In essence Berlant uses food to “queer” our basic ideals of individualism. Our norm for the body is the ideal of thin, but the statistical average (the real norm) is fat—a cruel position that anyone struggling with body issues has faced. “Normal” is not the really existing average, but our optimistic ideal of what the average should be. Berlant uses this as a jumping off point to “desubjectivize queerness and to see it in practices that feel out alternative routes for living without requiring personhood to be expressive of an internal orientation or part of a political program advocating how to live.” This is Berlant at her most revolutionarily queer, questioning what would happen if we stopped thinking of ourselves in terms of identity categories, and instead reorganized our sense of self around the specific objects and ideas to which we are attached and the affects that they produce in us.

While Cruel Optimism presumes an academic audience versed in critical theory and philosophy, it contains many crucial points of consideration for the entire LGBT community. Thirty years ago, the thought of marriage, adoption, and serving openly in the military was the dream of the boldest of optimistic LGBT activists. Now that this dream is becoming an approachable reality for some, will they find that this aspiration toward a domestic norm is a form of cruel optimism rife with the same disappointments that ushered in the feminist movement when women realized the cruelty of having been trained to accept the housewife as their ideal model of “the good life”?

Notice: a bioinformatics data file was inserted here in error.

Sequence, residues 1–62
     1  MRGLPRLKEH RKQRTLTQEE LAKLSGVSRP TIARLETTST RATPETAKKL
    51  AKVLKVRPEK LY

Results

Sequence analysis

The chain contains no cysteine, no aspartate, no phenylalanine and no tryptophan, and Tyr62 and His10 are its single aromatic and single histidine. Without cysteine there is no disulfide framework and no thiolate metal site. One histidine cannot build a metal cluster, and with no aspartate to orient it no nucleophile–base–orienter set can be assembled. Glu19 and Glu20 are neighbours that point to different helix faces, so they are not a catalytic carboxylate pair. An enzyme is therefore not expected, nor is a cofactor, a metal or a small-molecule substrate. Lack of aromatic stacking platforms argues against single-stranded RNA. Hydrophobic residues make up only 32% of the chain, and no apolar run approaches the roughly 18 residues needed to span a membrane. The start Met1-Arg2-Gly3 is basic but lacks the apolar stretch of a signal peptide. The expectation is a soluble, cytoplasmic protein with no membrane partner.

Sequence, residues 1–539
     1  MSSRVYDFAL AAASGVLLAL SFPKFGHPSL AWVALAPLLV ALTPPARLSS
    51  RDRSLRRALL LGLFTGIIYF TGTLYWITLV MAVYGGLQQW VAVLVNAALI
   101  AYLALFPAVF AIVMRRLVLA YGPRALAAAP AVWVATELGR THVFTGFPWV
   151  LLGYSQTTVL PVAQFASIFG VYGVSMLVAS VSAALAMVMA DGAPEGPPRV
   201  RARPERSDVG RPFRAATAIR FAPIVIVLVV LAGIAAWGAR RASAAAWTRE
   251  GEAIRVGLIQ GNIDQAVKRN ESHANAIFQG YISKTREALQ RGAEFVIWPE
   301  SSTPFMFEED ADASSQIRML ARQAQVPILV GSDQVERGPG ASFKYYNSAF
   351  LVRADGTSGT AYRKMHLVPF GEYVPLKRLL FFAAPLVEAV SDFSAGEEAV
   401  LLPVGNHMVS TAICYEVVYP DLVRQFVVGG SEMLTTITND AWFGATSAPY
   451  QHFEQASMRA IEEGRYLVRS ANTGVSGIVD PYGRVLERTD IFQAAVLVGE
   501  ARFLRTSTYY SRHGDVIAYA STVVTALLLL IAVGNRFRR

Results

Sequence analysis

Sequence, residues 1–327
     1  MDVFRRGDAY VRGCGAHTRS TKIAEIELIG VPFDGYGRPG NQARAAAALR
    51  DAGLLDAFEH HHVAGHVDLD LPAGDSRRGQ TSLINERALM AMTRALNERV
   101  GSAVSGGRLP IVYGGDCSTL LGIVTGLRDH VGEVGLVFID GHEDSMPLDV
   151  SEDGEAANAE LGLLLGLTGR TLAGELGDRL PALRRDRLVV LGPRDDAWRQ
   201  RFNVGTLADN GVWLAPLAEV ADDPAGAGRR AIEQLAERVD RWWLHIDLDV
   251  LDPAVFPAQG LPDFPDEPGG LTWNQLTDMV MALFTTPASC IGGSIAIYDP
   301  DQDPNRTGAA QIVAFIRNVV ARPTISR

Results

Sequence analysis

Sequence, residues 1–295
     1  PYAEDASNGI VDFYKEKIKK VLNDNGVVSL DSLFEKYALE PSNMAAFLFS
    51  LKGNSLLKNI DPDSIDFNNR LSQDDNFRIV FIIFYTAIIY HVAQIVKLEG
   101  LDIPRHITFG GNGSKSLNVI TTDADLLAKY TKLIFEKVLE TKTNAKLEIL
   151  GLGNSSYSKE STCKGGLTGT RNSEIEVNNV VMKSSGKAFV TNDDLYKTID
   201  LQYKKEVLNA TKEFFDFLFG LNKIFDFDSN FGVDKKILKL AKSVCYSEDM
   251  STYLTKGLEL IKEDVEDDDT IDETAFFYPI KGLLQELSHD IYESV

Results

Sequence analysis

Cruel Optimism
By Lauren Berlant
Duke University Press
Paperback,9780822351115, 352 pp.
October 2011

Chase Dimock photo

About: Chase Dimock

Chase Dimock is a PhD Candidate in the Program in Comparative and World Literature at the University of Illinois specializing in 20th Century American, French, and German Literature. He works in queer theory, Feminism, Marxism, and Psychoanalysis and is currently working on a dissertation on lost and forgotten queer writers of the Lost Generation and the American expatriate movement in Paris. He is originally from Los Angeles and holds a BA in Creative Writing and Political Science from UC Santa Cruz and an MA in Comparative Literature from The University of Illinois. He is a regular contributor to As It Ought To Be, an online magazine of arts and politics and the Co-editor of The Qouch, the official blog of The Queer Psychoanalysis Society.